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Alexander Skogberg

UX / UI Designer

UX / UI Designer based in Stockholm. I dig design systems, accessibility, and loud rock music.

How to transfer VHS tapes to your Mac

Memories fade over time and some are easily lost forever, especially if they’re stored on old VHS tapes. This is my guide on how to transfer your VHS tapes to your Mac, so you can store them for the future.

When I came home for Christmas eight years ago in 2010, my parents had organized all of their old VHS tapes from when I was a kid. When we watched some of them, I realized that these tapes needed to be transfered to digital form before they deteriorated further.

I took me seven years, but last year I decided to finally transfer these tapes to digital form as a Christmas gift to my parents.

This is how I did it, step by step.

1. Getting the equipment

Transferring VHS tapes to a computer requires getting some equipment.

Luckily, my parents had already done a lot of the hard work by having not one but two VHS players in great shape (one broke down and we had to repair it for $72, but that’s another story).

This is the equipment I used (excluding my Macbook):

VHS transfer equipment
Clockwise from the top: VHS player, some of the VHS-C cassettes, VHS-C cassette adapter (with another VHS-C cassette beneath), video capture dongle from Plexgear and a SCART to RCA cable.

VHS player
VHS players are easily found on websites like Ebay, unless you already have one laying around. If not, perhaps you know someone you can borrow one from.

VHS-C cassettes
Chances are your old VHS cassettes are of the smaller VHS-C format. These types of cassettes were introduced in 1982 and were primarily used in consumer-grade camcorders. They need a VHS-C adapter to be played on a VHS player.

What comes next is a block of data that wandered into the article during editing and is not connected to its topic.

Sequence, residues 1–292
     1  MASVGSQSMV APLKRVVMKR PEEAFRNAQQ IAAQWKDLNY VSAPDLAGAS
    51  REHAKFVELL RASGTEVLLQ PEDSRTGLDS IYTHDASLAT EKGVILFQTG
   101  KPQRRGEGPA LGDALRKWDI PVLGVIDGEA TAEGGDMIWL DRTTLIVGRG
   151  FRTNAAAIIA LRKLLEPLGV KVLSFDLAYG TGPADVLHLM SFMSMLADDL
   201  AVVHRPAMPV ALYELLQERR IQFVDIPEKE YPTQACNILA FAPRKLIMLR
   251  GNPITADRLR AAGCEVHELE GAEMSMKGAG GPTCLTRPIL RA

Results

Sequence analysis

VHS-C adapter
A VHS-C adapter is basically a battery-driven hollow VHS cassette in which you insert a smaller VHS-C cassette.

You insert it in your VHS player and play it like a regular cassette. You can buy these adapters on websites like Amazon.

VHS-C adapter and cassette.
A VHS-C adapter with its lid open and one of my parents’ old VHS-C cassettes.

Video capture dongle
There are lots of different video capture dongles available today. What they do is that they transfer the analog signal from the VHS player to a digital one that your computer can process.

The dongles are always bundled with some video capture software (right?) for recording the video feed and saving it as a video file.

I used Plexgear Moviesaver 600 from the Swedish company Kjell & Company. It works for both macOS and Windows and cost me about $50 (400 sek).

The bundled video capture software Empia (for macOS) is somewhat buggy and not that well designed, bit it is simple and does what it has to.

SCART to RCA cable
The Plexgear video capture dongle connects to your computer through one of its USB ports. However, it needs another cable to connect to your VHS player.

I connected it to my parents’ VHS player using a brand new SCART to RCA cable that cost me about $24 (200 sek).

No TV?
Nope, with this setup the video feed will be displayed on your computer screen with the bundled video capture software.

2. Connecting the equipment

Once you’ve got all the hardware, the setup is quite simple as you can see in the image below.

Video capture dongle connected to Macbook
My Macbook is connected to the Plexgear video capture dongle using USB. The dongle is connected to the SCART to RCA cable. The composite video cable (yellow) is used, hence the leftover S-Video cable (top right). The SCART connector will be plugged into the VHS player.